A particularly elegant application of FIM is to distinguish the ‘hopping’ diffusion (pictured schematically in diagram E3 and often assumed implicitly as the adatom diffusion mechanism) from ‘exchange’ diffusion. Draw a (001) surface of an fcc crystal such as Pt(100). We know from problem set #1, question 2(a) where an adatom will sit on this surface. So you can convince yourself that hopping diffusion will proceed in <110> directions. By contrast, the exchange process consists of displacing a nearest neighbor of the adatom, and exchanging the adatom with it. The substrate atom ‘pops out’ and the adatom becomes part of the substrate. In this case you can convince yourself that the direction of motion during diffusion is along <100>, at 45 degrees to hopping diffusion and with root-2 times the jump distance. By repeated observation of adatom diffusion over a single crystal plane, FIM is able to map out the sites which the adatoms visit, and thus to distinguish exchange and hopping diffusion. Such measurements taken at different annealing T can show the cross-over from one mechanism to the other (Kellogg refs).
In the last few years, UHV-STM has become the main technique for studies of this type, with a variable (low) temperature instrument the most powerful for quantitative studies. The sub-ML sensitivity over large fields of view, and the large variations in cluster densities with deposition T, have provided detailed checks of the kinetic models of nucleation and growth described in section E2. An example is shown in diagram E10, from the work of M. Bott et al (Phys. Rev. Lett. 76 (1996) 1304) on Pt/Pt(111). Several other studies on similar systems have now made it possible to do detailed comparisons with (effective medium) theories of metal-metal binding. One illuminating comparison is that of Ag/Ag(111) with Ag on 2ML Ag on Pt(111), and with Ag/Pt(111). The systematic variations that are found reflect small differences in the lattice parameter (strain) and in strength of binding between these closely similar systems (H. Brune et al, Phys. Rev. Lett. 73 (1994) 1955).
Similar studies have been done on Si(100) surfaces, starting with the work of Y. Mo et al (Phys. Rev. Lett 65 (1990) 1020; 66 (1991) 1998). But the complex, anisotropic nature of diffusion on semiconductors, has meant that subtle metastabilities influence the diffusion path and the binding at lower T. In such a situation it may be that the high T behaviour is closer to the simple models described in the last section. Recent work has shown the path of individual atoms can be tracked by an STM tip whose position is locked onto adatoms laterally. This technique reveals preferred paths for the migrating atoms, which often get trapped at surface defects (B. Schwartzentruber, Phys. Rev. Lett. 76 (1996) 459).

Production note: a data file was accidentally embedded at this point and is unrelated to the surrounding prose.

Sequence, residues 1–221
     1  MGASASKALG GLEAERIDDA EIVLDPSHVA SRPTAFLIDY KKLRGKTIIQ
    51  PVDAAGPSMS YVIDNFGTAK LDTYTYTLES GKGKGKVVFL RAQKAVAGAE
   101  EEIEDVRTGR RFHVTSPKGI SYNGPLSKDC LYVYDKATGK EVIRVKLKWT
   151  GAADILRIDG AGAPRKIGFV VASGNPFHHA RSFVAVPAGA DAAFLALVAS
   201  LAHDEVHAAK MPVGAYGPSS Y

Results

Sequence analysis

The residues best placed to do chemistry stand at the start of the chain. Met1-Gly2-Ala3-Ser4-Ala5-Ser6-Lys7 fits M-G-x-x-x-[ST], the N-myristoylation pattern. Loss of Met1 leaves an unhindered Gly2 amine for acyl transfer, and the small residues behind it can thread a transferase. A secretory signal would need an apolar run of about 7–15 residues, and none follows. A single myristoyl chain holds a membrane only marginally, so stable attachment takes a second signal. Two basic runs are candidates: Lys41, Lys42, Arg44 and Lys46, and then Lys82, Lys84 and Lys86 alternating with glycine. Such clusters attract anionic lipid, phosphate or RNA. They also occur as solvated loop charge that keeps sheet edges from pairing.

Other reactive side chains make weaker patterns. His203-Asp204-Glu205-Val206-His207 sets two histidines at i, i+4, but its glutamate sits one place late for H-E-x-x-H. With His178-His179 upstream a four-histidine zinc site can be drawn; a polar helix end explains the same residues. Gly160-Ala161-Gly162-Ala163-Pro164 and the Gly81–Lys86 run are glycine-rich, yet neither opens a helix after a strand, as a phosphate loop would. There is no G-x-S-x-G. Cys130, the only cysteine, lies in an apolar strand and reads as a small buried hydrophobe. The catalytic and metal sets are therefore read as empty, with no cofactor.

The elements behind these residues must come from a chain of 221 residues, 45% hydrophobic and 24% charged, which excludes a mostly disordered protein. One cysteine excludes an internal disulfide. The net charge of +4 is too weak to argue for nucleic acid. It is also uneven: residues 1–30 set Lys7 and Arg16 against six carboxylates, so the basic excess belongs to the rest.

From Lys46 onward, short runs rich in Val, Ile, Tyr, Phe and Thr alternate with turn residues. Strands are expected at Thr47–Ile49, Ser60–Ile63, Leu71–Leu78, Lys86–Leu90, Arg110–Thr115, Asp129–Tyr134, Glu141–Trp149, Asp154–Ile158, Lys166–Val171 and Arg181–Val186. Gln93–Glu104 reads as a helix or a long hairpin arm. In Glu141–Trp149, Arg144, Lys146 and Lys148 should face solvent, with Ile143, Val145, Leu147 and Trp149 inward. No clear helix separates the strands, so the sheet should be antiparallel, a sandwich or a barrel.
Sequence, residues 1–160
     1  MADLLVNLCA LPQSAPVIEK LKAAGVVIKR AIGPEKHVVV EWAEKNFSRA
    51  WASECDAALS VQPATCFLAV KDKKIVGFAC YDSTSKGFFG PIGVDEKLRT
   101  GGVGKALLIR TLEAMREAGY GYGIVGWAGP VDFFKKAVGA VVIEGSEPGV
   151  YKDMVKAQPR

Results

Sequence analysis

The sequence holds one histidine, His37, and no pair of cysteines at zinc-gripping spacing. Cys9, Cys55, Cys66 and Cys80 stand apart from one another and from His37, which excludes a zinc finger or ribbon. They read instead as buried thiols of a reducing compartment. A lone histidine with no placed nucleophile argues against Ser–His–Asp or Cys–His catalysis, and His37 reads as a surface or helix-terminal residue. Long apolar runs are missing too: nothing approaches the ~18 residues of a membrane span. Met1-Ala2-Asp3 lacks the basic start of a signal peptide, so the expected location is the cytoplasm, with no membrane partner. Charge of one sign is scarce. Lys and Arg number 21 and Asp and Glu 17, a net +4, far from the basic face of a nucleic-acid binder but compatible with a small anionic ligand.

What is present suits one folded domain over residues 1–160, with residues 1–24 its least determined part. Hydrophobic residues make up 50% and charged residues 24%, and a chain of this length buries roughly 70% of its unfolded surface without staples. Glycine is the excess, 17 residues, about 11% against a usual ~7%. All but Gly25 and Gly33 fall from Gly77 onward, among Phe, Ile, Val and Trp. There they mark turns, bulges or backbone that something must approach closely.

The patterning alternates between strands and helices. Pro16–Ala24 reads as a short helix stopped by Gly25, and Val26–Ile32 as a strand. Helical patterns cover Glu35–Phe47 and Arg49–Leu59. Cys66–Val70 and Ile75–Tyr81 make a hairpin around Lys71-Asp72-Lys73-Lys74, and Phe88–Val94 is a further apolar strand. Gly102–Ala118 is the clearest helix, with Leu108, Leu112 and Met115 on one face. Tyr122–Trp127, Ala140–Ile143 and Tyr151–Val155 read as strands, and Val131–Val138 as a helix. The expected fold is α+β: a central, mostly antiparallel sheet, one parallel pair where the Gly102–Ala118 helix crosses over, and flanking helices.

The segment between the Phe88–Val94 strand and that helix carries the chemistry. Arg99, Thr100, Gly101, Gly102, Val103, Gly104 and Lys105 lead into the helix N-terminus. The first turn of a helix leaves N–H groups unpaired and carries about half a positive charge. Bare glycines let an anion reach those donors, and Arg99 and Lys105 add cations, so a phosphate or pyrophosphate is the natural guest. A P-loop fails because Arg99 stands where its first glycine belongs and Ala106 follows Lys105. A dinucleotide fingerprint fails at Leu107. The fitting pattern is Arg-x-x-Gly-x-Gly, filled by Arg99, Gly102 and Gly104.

An example of a UHV-STM image/ linescan of silicide formation on Si(111) is shown in diagram E11. In this beautiful image, the triangular Co-silicide particles are shown delineating the edges of the Si(111) 7x7 unit cells. Typically, the detail is sufficient to identify the nucleation sites, and the various (early) stages of growth. The scale of diffusion has to be sufficient for Co atoms to reach the nearest islands, in other words at least 10nm in this example. A particularly interesting aspect is that the formation of the 3-layer Si-Co-Si silicide structure proceeds by Co atoms diffusing interstitially beneath the surface (P.A. Bennett et al, Surface Sci. 312 (1994) 377; Phys. Rev. Lett 73 (1994) 452).
There are many other such recent examples, some of which have been written about in review articles and book chapters. The latest one I have been involved with is in ‘Growth and Properties of Ultrathin Epitaxial Layers’, edited by D.A. King and D.P. Woodruff (Elsevier, 1997) Chapter 1 ‘Surface Processes in Epitaxial Growth’, which comments on the following systems, among others. In particular, I find that the comparison between two fairly similar systems can be instructive. The downside is that it can be timeconsuming... And, of course, from your point of view, you may well not need to know the details. Please get in touch if any of these details would be useful in your research.
Latest version of this document: 13 February 1998.